While Americans might think they understand the health conditions that could kill them, a review of Google searches finds that, relatively speaking, hardly anyone was looking up the leading cause of death.
For the report, a team of researchers from Our World in Data sought to understand whether the causes of death that appear most prominently in the media and in Google search queries are in line with data on what actually kills Americans. To do that, researchers looked at 2016 data on:
- Causes of death in the United States, as recorded in CDC's WONDER database;
- Google search trends for causes of death;
- Mentions of causes of death in a database of articles published in The New York Times; and
- Mentions of cases of death in a database of articles published in The Guardian.
The researchers calculated the relative share of deaths, share of Google searches, and share of media coverage. The authors examined the top 10 most common causes of death as well as terrorism, homicide, and drug overdoses.
The researchers found a discrepancy between the causes of death that Americans are Googling and what people actually die from. For instance, while heart disease accounts for one-third of U.S. deaths, heart disease made up only about 2% of Google searches. Media representation wasn't much better aligned with reality, with heart disease making up just 2.5% of media coverage.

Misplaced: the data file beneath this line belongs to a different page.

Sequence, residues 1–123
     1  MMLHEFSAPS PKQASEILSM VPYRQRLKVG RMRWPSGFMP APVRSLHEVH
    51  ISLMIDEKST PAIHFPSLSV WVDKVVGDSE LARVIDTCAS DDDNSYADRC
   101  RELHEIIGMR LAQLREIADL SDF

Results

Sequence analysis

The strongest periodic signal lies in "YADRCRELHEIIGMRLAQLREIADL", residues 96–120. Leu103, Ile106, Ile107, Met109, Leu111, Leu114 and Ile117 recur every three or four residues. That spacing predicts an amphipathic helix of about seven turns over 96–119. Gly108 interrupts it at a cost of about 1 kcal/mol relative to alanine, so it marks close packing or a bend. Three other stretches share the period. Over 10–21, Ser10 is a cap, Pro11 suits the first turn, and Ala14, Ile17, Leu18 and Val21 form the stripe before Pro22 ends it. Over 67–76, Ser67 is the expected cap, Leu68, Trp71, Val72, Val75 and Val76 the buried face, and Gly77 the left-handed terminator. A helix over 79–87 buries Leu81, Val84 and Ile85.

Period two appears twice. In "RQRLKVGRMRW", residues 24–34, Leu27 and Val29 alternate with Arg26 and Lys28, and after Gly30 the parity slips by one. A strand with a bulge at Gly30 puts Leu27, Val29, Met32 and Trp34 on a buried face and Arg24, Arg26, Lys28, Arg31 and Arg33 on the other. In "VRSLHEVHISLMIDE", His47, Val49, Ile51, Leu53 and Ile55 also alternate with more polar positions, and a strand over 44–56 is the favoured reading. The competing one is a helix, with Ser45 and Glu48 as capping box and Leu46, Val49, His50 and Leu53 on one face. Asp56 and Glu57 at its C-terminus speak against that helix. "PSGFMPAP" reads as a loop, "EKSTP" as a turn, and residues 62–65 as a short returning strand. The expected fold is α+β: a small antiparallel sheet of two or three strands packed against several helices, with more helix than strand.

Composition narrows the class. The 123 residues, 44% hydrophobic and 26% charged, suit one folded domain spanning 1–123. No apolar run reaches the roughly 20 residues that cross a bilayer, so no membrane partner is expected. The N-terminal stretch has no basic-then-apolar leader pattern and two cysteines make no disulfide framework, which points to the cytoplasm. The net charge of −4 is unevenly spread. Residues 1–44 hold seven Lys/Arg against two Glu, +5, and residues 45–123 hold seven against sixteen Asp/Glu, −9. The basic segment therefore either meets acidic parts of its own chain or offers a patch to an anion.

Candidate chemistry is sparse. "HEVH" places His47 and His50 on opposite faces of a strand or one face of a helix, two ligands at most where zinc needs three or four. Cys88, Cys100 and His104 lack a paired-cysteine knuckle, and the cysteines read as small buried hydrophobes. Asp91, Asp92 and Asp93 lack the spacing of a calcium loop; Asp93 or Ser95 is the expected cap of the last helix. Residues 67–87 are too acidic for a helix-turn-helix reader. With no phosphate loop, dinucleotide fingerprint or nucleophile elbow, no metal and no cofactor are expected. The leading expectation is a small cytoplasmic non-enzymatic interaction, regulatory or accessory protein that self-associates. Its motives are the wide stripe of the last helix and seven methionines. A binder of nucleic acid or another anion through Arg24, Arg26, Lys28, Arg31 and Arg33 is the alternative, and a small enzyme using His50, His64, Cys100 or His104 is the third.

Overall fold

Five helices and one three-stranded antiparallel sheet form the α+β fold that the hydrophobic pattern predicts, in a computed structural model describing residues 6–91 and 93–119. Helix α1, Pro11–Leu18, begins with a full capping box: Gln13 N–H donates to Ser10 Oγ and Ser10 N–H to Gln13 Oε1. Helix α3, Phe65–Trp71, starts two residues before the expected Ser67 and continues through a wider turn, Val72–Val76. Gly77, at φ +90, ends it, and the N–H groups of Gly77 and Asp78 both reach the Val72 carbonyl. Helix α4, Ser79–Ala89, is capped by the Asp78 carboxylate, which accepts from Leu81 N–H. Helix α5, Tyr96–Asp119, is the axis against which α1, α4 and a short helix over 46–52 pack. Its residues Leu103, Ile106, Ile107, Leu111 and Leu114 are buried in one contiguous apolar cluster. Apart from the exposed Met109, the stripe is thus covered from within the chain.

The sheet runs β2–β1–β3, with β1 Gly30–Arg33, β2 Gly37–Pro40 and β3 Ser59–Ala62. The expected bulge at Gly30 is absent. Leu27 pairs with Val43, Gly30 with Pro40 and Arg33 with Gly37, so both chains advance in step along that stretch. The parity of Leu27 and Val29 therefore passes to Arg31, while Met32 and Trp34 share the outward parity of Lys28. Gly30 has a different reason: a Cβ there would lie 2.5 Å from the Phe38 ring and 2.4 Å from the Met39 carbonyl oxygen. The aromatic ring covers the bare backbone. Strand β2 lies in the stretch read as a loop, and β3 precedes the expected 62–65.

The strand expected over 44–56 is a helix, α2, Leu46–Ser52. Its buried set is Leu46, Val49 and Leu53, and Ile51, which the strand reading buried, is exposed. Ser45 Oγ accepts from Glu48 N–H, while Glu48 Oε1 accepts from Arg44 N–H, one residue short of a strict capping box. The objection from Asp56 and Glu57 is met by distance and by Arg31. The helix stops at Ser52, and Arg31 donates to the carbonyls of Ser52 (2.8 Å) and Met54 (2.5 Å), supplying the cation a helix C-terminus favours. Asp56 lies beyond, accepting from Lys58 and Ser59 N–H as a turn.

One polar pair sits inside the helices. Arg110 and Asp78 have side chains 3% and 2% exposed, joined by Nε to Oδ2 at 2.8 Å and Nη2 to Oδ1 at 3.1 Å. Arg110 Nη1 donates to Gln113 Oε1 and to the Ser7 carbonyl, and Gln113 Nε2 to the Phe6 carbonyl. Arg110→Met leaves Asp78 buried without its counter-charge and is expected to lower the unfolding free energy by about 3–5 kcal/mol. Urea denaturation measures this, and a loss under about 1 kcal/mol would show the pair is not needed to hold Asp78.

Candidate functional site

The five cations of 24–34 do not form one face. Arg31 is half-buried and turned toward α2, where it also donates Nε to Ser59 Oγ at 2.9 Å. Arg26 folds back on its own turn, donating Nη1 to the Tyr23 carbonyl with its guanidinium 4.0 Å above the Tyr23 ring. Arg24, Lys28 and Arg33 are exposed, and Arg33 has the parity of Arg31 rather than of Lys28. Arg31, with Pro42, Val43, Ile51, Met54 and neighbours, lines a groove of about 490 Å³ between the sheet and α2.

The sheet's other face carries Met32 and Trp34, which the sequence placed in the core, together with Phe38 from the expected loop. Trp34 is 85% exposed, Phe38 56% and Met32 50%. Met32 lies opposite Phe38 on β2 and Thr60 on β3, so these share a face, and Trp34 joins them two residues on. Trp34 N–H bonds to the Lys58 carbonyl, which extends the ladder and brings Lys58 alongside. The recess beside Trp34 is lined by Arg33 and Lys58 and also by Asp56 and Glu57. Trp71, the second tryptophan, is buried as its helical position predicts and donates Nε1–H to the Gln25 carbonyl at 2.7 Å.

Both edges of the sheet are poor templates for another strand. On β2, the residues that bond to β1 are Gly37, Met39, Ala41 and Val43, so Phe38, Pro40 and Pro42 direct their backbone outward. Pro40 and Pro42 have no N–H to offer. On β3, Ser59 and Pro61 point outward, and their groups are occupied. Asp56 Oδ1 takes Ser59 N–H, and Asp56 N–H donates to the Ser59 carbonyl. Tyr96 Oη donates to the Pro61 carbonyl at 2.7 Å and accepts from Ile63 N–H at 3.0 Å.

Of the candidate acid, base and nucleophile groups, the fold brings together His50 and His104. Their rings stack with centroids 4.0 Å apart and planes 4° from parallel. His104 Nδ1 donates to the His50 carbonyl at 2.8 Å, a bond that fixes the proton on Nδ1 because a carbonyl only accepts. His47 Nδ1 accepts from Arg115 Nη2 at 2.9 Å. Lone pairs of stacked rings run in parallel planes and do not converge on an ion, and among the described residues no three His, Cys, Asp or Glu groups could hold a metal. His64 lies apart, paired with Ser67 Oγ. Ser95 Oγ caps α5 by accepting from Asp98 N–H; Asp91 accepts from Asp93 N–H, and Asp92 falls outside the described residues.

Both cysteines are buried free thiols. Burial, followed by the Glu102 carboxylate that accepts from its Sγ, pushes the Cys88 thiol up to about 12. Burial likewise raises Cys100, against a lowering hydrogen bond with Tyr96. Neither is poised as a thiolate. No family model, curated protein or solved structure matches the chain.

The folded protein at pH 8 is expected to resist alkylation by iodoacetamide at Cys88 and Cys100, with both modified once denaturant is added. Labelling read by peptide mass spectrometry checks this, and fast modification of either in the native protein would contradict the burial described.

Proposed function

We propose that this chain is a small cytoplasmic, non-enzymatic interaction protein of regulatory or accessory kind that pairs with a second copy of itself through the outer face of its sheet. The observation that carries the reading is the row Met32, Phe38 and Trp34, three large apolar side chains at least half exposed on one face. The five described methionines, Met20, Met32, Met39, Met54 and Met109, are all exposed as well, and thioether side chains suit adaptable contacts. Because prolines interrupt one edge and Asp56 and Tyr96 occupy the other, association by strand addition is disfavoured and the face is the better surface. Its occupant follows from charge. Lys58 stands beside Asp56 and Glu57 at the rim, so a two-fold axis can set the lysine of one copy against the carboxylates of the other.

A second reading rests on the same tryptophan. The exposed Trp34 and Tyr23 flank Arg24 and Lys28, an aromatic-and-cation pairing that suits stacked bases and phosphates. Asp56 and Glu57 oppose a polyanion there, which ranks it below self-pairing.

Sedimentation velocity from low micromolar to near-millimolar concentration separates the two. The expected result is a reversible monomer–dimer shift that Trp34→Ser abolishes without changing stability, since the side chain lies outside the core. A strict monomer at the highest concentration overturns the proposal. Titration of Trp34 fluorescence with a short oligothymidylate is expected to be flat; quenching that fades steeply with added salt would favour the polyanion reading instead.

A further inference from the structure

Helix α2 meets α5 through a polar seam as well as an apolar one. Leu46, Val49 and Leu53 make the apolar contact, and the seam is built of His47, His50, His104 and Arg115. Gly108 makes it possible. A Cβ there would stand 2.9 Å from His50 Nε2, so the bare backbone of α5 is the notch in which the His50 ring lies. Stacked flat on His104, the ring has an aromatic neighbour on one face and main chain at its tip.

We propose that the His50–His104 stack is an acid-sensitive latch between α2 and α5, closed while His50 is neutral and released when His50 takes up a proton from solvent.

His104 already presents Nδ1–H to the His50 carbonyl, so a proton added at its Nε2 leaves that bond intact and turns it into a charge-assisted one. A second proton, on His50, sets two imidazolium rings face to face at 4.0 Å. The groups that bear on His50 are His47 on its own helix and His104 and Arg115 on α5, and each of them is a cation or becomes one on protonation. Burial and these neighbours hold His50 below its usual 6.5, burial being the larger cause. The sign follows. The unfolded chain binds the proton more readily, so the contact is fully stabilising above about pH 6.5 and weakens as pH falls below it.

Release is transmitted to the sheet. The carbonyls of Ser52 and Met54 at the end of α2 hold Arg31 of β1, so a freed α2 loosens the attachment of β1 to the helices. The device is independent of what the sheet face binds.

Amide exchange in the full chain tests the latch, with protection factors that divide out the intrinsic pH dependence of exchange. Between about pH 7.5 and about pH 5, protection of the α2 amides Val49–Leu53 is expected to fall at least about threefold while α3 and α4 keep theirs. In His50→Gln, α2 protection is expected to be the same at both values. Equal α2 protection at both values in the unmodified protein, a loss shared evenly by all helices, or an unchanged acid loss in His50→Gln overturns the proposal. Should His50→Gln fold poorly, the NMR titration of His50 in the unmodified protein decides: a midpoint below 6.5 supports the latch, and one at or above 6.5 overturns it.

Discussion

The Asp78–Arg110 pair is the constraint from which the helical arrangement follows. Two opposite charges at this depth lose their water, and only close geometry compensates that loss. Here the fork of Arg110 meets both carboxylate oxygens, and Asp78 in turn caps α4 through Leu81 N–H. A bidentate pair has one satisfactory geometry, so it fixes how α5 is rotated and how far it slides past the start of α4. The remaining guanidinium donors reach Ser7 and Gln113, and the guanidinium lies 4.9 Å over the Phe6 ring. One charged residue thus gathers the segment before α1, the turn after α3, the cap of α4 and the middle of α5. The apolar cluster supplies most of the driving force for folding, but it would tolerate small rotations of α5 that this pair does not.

On the other hand, violent forms of death—suicide, homicide, and terrorism—were dramatically overrepresented in Google searches and media coverage. Violent deaths make up less than 3% of deaths in the United States but made up 22.8% of Google searches and more than two-thirds of media coverage in both outlets studied.
Some causes of death appeared proportionately in Google searches and media coverage. For instance, stroke is responsible for about 5% of deaths and made up a similar share of Google searches and media coverage, according to the researchers.
The researchers noted that the distribution of Google searches more closely resembles the distribution of real-world deaths than media coverage does. According to Our World in Data, "One way to think about it is that media outlets may produce content that they think readers are most interested in, but this is not necessarily reflected in our preferences when we look for information ourselves."
Why the disproportionate interest in violent deaths?
Our World in Data said several reasons could explain why Google searches and media coverage don't correspond with real-world mortality data.
One explanation, according to Our World in Data, is that people may seek out information on causes of death for preventive purposes. For instance, people with suicidal thoughts may go online to seek help and support, which could prevent a suicide death.
Another possible explanation, according to Our World in Data, could be that media coverage aligns more closely with global causes of death. However, the report notes previous research that suggests that's not the case.
A third possible explanation "relates to the very nature of news," according to Our World in Data. News focuses on "events and stories," and news consumers similarly are attracted to "stories and narratives"—rather than average happenings.
As such, according to Our World in Data, "It's not surprising that the media focuses on reports of single (inadvertently negative) events: a murder case or a terrorist attack." That means, according to Our World in Data, "Without conquering our compulsion for the latest unusual story, we cannot expect this representation to be perfectly balanced" (Ritchie, Our World in Data, 5/29).
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